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Hualian may be 'forced to quit capital?'
Last Updated(Beijing Time):2006-11-29 10:24
Shanghai Hualian Supermarket Co Ltd, one of China's largest domestic chains, has closed most of its loss-making outlets in Beijing in a bid to stop the bleeding from a profit downturn that began in 2005.

A woman riding a tricycle passes an already-closed Shanghai Hualian Supermarket in Beijing yesterday.

A woman riding a tricycle passes an already-closed Shanghai Hualian Supermarket in Beijing yesterday.(Source:

The Shanghai-based company has so far closed down more than 20 outlets in Beijing, leaving only eight in operation.

A company official at its business operation department told China Daily that more closures are in the pipeline.

The possibility of pulling out of Beijing altogether cannot be ruled out, she said on condition of anonymity.

Shanghai Hualian Supermarket Co Ltd, a subsidiary of Shanghai Bailian Group, owns and operates a network of 2,000 outlets around the country. The company's fortunes took a turn for the worse in 2005 when it suffered a 40 million yuan (5million U.S. dollars) loss. Its Beijing operation alone lost 17 million yuan (2.13 million dollars).

The secretary to the general manager of Hualian Supermarket Co Ltd, surnamed Yang, claimed the company is going to make adjustments to Hualian outlets in Beijing. He declined to reveal the details or make any comments on the firm's reasoning.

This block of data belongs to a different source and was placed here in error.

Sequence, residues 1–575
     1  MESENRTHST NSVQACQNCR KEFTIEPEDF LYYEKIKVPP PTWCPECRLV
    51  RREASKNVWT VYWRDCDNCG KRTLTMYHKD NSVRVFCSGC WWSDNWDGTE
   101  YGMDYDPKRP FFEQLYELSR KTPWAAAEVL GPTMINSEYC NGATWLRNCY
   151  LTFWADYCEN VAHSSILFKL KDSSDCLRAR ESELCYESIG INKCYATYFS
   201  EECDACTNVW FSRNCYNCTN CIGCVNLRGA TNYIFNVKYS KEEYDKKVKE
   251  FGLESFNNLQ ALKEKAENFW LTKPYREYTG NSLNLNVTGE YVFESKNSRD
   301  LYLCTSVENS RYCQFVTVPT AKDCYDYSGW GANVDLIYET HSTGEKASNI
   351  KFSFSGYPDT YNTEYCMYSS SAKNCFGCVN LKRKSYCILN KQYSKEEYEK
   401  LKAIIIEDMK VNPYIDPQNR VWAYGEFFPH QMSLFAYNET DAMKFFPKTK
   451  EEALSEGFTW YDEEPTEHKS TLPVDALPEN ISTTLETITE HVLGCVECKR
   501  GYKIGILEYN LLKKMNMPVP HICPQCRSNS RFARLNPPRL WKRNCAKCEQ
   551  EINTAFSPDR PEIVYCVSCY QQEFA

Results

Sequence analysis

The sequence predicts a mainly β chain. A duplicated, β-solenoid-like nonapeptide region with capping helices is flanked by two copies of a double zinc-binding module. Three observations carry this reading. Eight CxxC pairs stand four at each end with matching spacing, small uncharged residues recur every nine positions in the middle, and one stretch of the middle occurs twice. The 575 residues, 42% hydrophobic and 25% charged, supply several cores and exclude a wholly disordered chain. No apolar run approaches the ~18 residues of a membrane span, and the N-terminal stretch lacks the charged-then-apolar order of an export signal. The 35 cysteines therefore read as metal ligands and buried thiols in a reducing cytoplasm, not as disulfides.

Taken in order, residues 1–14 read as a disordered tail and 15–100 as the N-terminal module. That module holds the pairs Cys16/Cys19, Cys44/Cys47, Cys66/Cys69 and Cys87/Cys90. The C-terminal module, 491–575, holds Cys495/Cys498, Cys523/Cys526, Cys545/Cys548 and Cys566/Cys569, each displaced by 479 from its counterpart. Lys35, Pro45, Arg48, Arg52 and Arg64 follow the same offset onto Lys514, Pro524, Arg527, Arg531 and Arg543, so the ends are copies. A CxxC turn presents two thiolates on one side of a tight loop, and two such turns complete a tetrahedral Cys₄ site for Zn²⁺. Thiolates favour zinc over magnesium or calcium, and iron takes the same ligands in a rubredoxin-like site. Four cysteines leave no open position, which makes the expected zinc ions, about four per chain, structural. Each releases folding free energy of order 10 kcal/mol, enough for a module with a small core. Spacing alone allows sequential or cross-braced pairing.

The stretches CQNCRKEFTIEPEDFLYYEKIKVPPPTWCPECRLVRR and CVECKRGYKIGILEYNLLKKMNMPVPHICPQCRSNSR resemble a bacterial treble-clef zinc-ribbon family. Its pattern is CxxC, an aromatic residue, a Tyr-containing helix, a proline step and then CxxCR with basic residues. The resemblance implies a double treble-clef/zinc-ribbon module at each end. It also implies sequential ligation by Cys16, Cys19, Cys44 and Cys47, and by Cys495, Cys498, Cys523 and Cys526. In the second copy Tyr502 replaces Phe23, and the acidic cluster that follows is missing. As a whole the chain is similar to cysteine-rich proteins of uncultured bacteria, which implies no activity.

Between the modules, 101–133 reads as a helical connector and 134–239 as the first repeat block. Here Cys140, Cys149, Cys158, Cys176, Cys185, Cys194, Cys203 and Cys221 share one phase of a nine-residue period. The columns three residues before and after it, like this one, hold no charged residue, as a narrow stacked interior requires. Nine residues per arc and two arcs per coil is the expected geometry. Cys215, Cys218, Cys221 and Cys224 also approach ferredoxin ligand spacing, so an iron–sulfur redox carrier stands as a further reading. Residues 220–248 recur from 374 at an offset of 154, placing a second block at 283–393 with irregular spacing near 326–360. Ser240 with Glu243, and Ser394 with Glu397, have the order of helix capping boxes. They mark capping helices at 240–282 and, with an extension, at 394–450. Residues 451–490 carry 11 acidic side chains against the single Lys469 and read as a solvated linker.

Reducing outlets is in line with an industry trend. Many supermarket chains are trying to cope with intensified competition, especially from large foreign stores. This has forced several local chain operators to merge in order to achieve economies of scale.

"Hualian's pulling out of Beijing is a natural result of an increasingly competitive market," said Wang Liang, an analyst with the Shanghai Current Economics Research Institute. "With the opening of China's retail sector after its entry into the World Trade Organization, local players have had to change their strategies of development, including rearrangement of operation networks."

Competition comes from deeper penetration of foreign retailers such as Wal-Mart and Carrefour.

It is also due to a market squeeze by superstores on one side, and small convenience stores on the other. 
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